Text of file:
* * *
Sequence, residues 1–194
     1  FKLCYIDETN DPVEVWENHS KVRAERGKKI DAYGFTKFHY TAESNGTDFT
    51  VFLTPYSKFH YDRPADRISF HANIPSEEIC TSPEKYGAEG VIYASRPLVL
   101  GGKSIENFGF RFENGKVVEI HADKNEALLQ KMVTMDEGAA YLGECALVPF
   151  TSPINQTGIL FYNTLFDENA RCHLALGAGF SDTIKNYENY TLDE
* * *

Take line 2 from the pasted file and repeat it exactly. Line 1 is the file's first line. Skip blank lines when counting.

     1  FKLCYIDETN DPVEVWENHS KVRAERGKKI DAYGFTKFHY TAESNGTDFT